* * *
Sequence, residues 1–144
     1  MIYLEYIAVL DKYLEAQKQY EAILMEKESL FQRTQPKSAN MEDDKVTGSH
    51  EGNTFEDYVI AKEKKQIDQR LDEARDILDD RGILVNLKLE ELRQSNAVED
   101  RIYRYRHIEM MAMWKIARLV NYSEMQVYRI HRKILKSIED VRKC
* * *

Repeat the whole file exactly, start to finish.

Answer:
Sequence, residues 1–144
     1  MIYLEYIAVL DKYLEAQKQY EAILMEKESL FQRTQPKSAN MEDDKVTGSH
    51  EGNTFEDYVI AKEKKQIDQR LDEARDILDD RGILVNLKLE ELRQSNAVED
   101  RIYRYRHIEM MAMWKIARLV NYSEMQVYRI HRKILKSIED VRKC